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ebenezer newt

November 21, 2011

Apparently, Newt Gingrich (who, for some inexplicable reason, is still seeking the Republican presidential nomination) thinks that poor kids should be put to work as things like school janitors because, well, you know, they’re poor and child labour laws are ‘stupid’ and stuff. Not to mention the fact that it’ll help get rid of unionized janitors, which is always a bonus for conservatives. (Just don’t let the kids unionize, because that’ll make them into little socialists!):

Gingrich: Laws preventing child labor are ‘truly stupid’

Personally, I don’t see anything wrong with young adults trying to make some extra money by working part-time if that’s what they really want to do, and I doubt that many people would. But saying that we should put poor kids 14 and under to work as school janitors simply because they’re poor (and because it’ll help boot unionized janitors out of a job in the process) is as fucking herpy derpy as it get, in my opinion.

For one thing, it’s not as if all you have to do is just throw out a couple of garbage bags at the end of the day; it’s pretty physically demanding work. Janitors (or custodians as they’re often called) routinely work 8 hours a day. For example, one listing that came up on my job search back in May lists hours as 2-10pm for high school and 3-11pm for grade school. The job itself entails “moderate to extensive degree of physical stamina and frequent lifting up to 50 pounds” and “frequent and prolonged standing, walking and bending.” Plus, the job also includes a great deal of repetitive motion and the use of some seriously heavy-duty cleaning products. I’ve been a janitor before, and it’s not something I really think kids 14 and under should probably be doing.

It should also be pointed out that 14+ year olds are already allowed to work limited non-school hours if they want. Child labour laws are essentially there to prevent kids under 14 from being put into the workforce, and limit the amount of hours a minor can work (so they have time to learn and play and do all the things kids should be doing instead of being janitors). What Gingrich wants is for poor kids 14 and under (which in most areas are statistically minorities) to be allowed and encouraged to work a physically demanding and dirty job, while at the same time taking those jobs away from actual, adult janitors (and specifically unionized janitors).

Basically, what I hear Newt saying is: “Instead of actually fixing (or better yet, supplanting) a system where so many people are left in poverty, let’s just go back to the early 1900s and get rid of child labour laws. Because poor people are just lazy; and if we get their kids working sooner, maybe they’ll develop a better work ethic and not be poor like their parents. In the meantime, we’ll let them take their parents’ jobs because we can pay them less. It’s a win-win!”

If the multiple reasons why this is a bad idea aren’t readily apparent, I’m not sure what else there is to say. The whole thing brings to mind an exchange between Ebenezer Scrooge and two unnamed gentlemen from Charles Dickens’ classic, A Christmas Carol:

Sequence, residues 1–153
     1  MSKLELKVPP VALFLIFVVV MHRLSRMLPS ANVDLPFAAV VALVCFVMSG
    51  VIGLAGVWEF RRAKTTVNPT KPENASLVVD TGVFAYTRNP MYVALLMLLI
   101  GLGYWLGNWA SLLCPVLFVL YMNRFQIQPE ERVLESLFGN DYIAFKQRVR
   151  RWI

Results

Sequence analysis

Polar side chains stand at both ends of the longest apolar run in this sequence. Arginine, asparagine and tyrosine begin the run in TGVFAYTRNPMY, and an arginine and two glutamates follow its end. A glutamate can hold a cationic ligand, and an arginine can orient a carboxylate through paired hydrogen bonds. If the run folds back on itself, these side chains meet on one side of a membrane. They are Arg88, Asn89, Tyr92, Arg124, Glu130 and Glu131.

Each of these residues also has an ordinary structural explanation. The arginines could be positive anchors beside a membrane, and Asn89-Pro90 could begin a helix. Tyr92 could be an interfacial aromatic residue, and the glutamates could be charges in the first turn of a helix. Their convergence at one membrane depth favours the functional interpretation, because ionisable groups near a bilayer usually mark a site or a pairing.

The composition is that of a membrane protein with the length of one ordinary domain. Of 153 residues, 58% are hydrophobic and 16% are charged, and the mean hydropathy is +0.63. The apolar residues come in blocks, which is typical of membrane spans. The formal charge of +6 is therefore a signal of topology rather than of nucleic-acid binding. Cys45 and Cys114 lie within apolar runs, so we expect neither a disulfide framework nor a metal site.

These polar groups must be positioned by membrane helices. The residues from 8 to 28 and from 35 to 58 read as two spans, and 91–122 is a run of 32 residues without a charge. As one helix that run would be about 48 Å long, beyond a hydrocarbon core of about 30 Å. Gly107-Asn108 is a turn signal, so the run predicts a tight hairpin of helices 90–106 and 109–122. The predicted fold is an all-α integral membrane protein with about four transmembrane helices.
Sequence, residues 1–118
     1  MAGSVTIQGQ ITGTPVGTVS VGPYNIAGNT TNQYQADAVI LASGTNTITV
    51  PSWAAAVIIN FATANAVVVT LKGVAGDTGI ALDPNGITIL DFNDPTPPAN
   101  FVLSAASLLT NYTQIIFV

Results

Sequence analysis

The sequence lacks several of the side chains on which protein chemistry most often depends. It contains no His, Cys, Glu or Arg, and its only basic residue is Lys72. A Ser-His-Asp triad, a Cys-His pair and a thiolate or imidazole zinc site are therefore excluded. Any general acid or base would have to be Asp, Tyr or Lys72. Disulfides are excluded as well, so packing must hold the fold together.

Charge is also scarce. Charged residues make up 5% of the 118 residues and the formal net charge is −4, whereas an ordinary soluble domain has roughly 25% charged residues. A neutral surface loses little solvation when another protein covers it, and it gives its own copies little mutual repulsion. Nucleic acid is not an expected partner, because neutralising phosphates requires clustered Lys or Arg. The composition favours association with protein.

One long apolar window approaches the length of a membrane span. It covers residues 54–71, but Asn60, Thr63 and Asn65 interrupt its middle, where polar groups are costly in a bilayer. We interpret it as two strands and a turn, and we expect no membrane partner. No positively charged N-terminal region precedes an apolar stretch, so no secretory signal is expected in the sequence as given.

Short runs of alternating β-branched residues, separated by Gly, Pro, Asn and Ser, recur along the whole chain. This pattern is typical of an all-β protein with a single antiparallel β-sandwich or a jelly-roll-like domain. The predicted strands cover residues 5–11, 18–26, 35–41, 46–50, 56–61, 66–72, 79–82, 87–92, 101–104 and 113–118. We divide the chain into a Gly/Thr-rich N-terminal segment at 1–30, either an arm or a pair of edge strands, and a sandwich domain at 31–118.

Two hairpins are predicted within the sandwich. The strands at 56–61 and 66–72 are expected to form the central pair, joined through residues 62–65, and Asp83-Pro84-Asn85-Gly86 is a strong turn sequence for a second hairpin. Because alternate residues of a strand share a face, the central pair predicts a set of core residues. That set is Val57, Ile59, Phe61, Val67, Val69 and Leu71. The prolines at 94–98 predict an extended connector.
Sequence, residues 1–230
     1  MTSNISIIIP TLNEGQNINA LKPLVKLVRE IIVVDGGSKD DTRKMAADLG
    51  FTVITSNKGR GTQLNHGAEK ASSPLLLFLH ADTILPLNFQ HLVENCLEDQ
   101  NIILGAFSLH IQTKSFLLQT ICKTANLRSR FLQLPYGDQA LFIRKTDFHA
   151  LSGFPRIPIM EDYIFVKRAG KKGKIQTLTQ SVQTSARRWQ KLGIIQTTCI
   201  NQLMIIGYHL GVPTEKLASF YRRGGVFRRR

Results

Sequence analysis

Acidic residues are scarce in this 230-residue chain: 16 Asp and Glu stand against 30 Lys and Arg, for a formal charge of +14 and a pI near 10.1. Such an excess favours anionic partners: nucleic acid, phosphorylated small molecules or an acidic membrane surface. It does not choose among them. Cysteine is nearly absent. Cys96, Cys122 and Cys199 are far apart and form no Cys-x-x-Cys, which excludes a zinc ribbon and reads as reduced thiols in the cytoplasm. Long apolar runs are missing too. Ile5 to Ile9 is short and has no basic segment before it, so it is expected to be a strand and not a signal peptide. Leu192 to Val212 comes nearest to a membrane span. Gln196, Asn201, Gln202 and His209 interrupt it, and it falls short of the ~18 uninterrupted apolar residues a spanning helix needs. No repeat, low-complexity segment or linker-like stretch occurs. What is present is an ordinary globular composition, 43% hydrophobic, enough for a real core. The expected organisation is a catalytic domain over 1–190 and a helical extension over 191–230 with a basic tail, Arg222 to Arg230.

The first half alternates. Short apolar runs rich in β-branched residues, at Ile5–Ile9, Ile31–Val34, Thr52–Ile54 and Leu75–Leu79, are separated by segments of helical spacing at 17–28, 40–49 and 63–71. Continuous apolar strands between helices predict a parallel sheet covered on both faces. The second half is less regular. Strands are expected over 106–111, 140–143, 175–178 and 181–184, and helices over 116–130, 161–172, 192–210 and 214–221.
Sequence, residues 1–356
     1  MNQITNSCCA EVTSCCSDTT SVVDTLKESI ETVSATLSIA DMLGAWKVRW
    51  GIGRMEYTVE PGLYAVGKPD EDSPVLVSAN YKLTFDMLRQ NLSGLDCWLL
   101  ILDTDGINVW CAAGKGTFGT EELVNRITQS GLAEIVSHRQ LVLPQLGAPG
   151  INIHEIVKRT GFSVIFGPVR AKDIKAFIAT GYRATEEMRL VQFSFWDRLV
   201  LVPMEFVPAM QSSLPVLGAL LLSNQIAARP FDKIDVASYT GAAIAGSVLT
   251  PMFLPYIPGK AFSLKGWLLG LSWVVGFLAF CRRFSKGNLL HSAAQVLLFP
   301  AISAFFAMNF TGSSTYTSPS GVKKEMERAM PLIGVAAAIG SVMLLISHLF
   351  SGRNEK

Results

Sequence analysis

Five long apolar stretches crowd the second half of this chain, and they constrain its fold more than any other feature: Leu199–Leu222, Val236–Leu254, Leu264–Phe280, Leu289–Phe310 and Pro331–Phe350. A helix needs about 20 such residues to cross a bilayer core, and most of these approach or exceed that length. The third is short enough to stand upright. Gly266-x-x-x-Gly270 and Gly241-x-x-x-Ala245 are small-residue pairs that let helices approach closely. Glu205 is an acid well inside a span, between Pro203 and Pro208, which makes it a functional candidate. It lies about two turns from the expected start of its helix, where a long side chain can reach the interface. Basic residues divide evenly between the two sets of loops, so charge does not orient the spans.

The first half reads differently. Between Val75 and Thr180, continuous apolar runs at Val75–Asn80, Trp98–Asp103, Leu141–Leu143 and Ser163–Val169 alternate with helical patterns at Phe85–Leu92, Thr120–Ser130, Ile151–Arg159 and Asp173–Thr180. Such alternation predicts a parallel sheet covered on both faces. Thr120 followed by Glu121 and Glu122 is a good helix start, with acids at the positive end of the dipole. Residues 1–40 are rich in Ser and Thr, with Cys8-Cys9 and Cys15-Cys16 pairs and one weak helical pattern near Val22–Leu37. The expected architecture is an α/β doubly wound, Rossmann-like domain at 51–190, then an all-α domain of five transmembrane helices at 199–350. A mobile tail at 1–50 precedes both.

“At this festive season of the year, Mr. Scrooge,” said the gentleman, taking up a pen, “it is more than usually desirable that we should make some slight provision for the Poor and Destitute, who suffer greatly at the present time. Many thousands are in want of common necessaries; hundreds of thousands are in want of common comforts, sir.”
“Are there no prisons?” asked Scrooge.
“Plenty of prisons,” said the gentleman, laying down the pen again.
“And the Union workhouses?” demanded Scrooge. “Are they still in operation?”
“They are. Still,” returned the gentleman, “I wish I could say they were not.”
“The Treadmill and the Poor Law are in full vigour, then?” said Scrooge.
“Both very busy, sir.”
“Oh! I was afraid, from what you said at first, that something had occurred to stop them in their useful course,” said Scrooge. “I’m very glad to hear it.”
“Under the impression that they scarcely furnish Christian cheer of mind or body to the multitude,” returned the gentleman, “a few of us are endeavouring to raise a fund to buy the Poor some meat and drink and means of warmth. We choose this time, because it is a time, of all others, when Want is keenly felt, and Abundance rejoices. What shall I put you down for?”
“Nothing!” Scrooge replied.
“You wish to be anonymous?”
“I wish to be left alone,” said Scrooge. “Since you ask me what I wish, gentlemen, that is my answer. I don’t make merry myself at Christmas and I can’t afford to make idle people merry. I help to support the establishments I have mentioned — they cost enough; and those who are badly off must go there.”
“Many can’t go there; and many would rather die.”
“If they would rather die,” said Scrooge, “they had better do it, and decrease the surplus population. Besides — excuse me — I don’t know that.”
“But you might know it,” observed the gentleman.
“It’s not my business,” Scrooge returned. “It’s enough for a man to understand his own business, and not to interfere with other people’s. Mine occupies me constantly. Good afternoon, gentlemen!”


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